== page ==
Done! 19 333 ml bottles, 3 different flavors.

A few other notes….


You need to find a scoby – most people get one from a friend, or someone you know. Anyone who makes kombucha can peel off some of their scoby and give it away. If you are truly in need, take one of the tiny scobys from a commercial Kombucha and put it in a 1 cup jar with a little juice. Leave it out, covered, on the counter. It should grow. As it gets bigger, feed it more juice, and work up towards the container you will be fermenting your kombucha in. You also need to get a litre of kombucha as a starter. This can be from said friend, or can be bought commercially.

Fruit flies

Fruit flies love kombucha too. They can’t keep away – they’ll even dive bomb anything that does not have a lid. If you have these critters buzzing around you will need to cover the kombucha, keep lids on your jars and bottles and and tie several layers of a thick tea towel on top of your crock tightly with a string or elastic. If you do get an infestation on your scoby, toss that top layer off as its going to be hiding eggs, and be scrupulously careful about ensuring nothing can get in.

How long can you keep it?

Kombucha is pretty happy in a cool environment for a couple of weeks, but after that it really should be refrigerated, otherwise it will be over carbonated and fizz up or even explode. If it is kept longer than a month, it will ultimately change to vinegar.

What else can you do with kombucha?

  • Marinate meat: because it is acidic it has a similar effect on meat as does wine or beer. Before adding the kombucha, rub 1.5% of the weight of the meat in salt, and add pepper and garlic. Leave for about an hour, then add kombucha until the meat is marinated and flavored. Its best to leave it for several hours. Before cooking the meat you can reduce the marinade, add flavorings and cornstarch to make a rich gravy.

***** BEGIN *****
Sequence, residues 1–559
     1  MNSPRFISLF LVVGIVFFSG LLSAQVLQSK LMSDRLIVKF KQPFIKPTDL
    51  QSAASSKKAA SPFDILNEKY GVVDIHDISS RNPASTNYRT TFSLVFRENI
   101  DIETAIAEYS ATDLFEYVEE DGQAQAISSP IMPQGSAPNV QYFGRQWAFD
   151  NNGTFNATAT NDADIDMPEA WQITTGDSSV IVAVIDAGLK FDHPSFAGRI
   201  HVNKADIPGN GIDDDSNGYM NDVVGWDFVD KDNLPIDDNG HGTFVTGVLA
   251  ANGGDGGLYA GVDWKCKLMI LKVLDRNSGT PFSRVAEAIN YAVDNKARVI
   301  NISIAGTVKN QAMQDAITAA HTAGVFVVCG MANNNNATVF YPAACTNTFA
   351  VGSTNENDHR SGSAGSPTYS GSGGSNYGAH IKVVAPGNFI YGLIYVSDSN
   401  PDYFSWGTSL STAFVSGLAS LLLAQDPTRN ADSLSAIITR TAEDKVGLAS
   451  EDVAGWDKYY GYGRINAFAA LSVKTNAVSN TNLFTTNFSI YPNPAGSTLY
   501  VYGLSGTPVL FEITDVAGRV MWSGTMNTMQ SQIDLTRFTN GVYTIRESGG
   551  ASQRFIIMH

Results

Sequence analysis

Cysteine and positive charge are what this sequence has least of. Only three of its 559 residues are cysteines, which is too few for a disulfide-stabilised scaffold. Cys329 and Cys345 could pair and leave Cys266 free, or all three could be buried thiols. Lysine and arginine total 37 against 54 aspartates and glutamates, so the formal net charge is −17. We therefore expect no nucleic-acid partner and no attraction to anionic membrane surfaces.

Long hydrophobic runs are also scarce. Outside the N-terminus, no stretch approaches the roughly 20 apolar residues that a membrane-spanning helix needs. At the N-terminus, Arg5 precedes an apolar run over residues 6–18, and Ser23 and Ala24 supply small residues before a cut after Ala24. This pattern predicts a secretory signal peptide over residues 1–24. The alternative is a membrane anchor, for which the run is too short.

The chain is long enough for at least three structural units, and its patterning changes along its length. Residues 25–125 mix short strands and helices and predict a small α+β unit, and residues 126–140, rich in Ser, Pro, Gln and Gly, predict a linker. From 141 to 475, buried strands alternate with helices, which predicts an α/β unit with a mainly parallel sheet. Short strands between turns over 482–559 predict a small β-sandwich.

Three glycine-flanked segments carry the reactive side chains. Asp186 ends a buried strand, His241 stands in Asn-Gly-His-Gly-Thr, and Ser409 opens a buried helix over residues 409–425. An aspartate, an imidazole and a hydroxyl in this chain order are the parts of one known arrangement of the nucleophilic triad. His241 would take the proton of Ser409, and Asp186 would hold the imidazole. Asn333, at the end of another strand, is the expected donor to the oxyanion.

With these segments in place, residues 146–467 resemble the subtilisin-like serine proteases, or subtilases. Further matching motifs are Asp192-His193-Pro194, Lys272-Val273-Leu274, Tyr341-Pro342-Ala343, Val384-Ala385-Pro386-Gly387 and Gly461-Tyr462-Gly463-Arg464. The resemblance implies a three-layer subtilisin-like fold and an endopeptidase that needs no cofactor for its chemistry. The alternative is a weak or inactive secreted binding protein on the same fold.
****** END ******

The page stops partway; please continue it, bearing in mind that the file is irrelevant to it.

• As a mixed drink: with vodka, gin, rum… try out different possibilities. Likewise it can be a mojito base
  • If it turns to vinegar, use as the acid in a salad dressing. By weight: 3 parts oil, 1 part kombucha.
  • Anything you do with juice, you can do with kombucha

Health concerns

Kombucha contains active lactic acid bacteria. This is the same stuff as the gut bacteria in your body that keeps you healthy. We depend on kombucha to keep us healthy around here. However, more is not always better. Kombucha can be wonderfully preventative, but also if you drink too much you could get sick too. Everyone is different, and it really is unpredictable. My suggestion would be to try a single bottle in a day and see how your system reacts to it, and go by what feels right for you.


The main cleanup issues concern your bottles once you have poured a brew. They really must be thoroughly rinsed right after pouring. If you have a dishwasher, definitely put them in there. However, don’t count on your dishwasher to actually get a lot of water up that narrow neck and clean things as you would expect. In fact if you put your dishes in without rinsing them there’s a good chance some of those food particles will get baked on the inside of your bottle. The main purpose of the dishwasher is to sanitize the bottles by virtue of the heat. You want your bottles as clean as you can get them, otherwise unwanted bacteria and yeast will find your kombucha a pleasing environment to grow in too.